Reviews - Fringe 2019

Dungee the Dragon & The Just-Okay Juggler

By Julian Nicholson
Published July 19, 2019


Dungee the Dragon & the Just-Okay Juggler is produced by Stories by Dan, and is written, directed, and performed by Dan Boyer. The play is one of several that Dan offers to schools and educators to help teach children about consent, self-esteem, and negotiation. Dungee the Dragon deals with self-esteem.

The plot revolves around an evil king who uses a local dragon's desire for sleep to scare his subjects. Two knights are dispatched to kill the dragon, but they run away once meeting the beast.

Finally, a mediocre juggler is sent with three swords, but initially also fails until a mysterious voice convinces of him of his worth, and off he goes to impress the dragon with his knife juggling prowess. They become friends and force the king to get lost.

The set is a carpet with some props on it; three balls, three knives, a crown and a fedora. The show would have benefited from having these items on a table, as when the performer sat down to deal with them, it became hard for anyone behind the first two rows to see what was going on. The dragon is a great hand puppet with unusual teeth, a running gag that kept the audience smiling.

The writing is Okay. There are interesting characters and a lot going on to keep the children's interest. What doesn't keep the children's interest is the masses of exposition throughout the play where the performer acts as a narrator, rather than have the characters themselves drive the plot forward.

You could feel the energy suck out of the audience after a while when this happened, and for a young audience that means their attention wanders to other things going on around them.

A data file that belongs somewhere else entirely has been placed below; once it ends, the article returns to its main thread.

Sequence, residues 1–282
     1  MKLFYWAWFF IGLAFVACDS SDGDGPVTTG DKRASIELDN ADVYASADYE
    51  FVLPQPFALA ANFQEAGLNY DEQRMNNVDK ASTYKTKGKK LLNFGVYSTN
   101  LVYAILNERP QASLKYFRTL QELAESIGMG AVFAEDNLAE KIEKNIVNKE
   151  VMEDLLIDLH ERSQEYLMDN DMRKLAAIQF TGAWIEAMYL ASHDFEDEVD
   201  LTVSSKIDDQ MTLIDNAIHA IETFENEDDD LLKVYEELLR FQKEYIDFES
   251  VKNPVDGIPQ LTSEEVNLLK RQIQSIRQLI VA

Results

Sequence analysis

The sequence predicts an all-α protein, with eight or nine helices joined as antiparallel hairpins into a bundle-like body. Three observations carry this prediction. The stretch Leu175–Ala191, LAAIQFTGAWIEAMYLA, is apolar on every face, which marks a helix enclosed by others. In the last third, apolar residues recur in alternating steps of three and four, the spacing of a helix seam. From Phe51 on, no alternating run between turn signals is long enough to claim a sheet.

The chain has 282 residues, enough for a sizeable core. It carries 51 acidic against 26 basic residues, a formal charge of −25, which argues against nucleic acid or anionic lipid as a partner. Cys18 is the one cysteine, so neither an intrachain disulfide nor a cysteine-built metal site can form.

It's unfortunate that it is written this way, because the characters themselves are sufficiently different and interesting that they could easily take over a large part of the exposition.

The staging also could do with some sharpening up. The performer walks back and forth while delivering the exposition, and then when journeying to see the dragon, each character takes the same route around the audience over and over again, with little variation in response to all the different places they are journeying through.

The acting itself is good, especially when the performer gets going with multiple characters. The use of headgear and voice to differentiate between the various roles makes it clear to the young audience who is speaking at any one time.

Finally, let's talk about the juggling. Mr. Boyer is clearly a good juggler. Anyone who can juggle three large knives obviously has some skill. But for a show where "Juggler" is in the title, even a just okay one, there is precious little actual juggling during the show, and half of that is poor juggling designed to show the audience that the character is indeed a just okay juggler.

I have mixed feelings about this play. The message is good, and it must be said the older children in the audience kept focused on the performance, although the younger ones started to wilt a bit so it's worth taking your children to see and experience some live theatre. What's frustrating for me is the show could be so much better.

Julian Nicholson is an actor, writer, and director and has participated in the Hamilton Fringe for many years. Julian has been acting since he attended McMaster in the 1980s, and has extensive experience in professional, alternative, and little theatre. He is also a full member of ACTRA.

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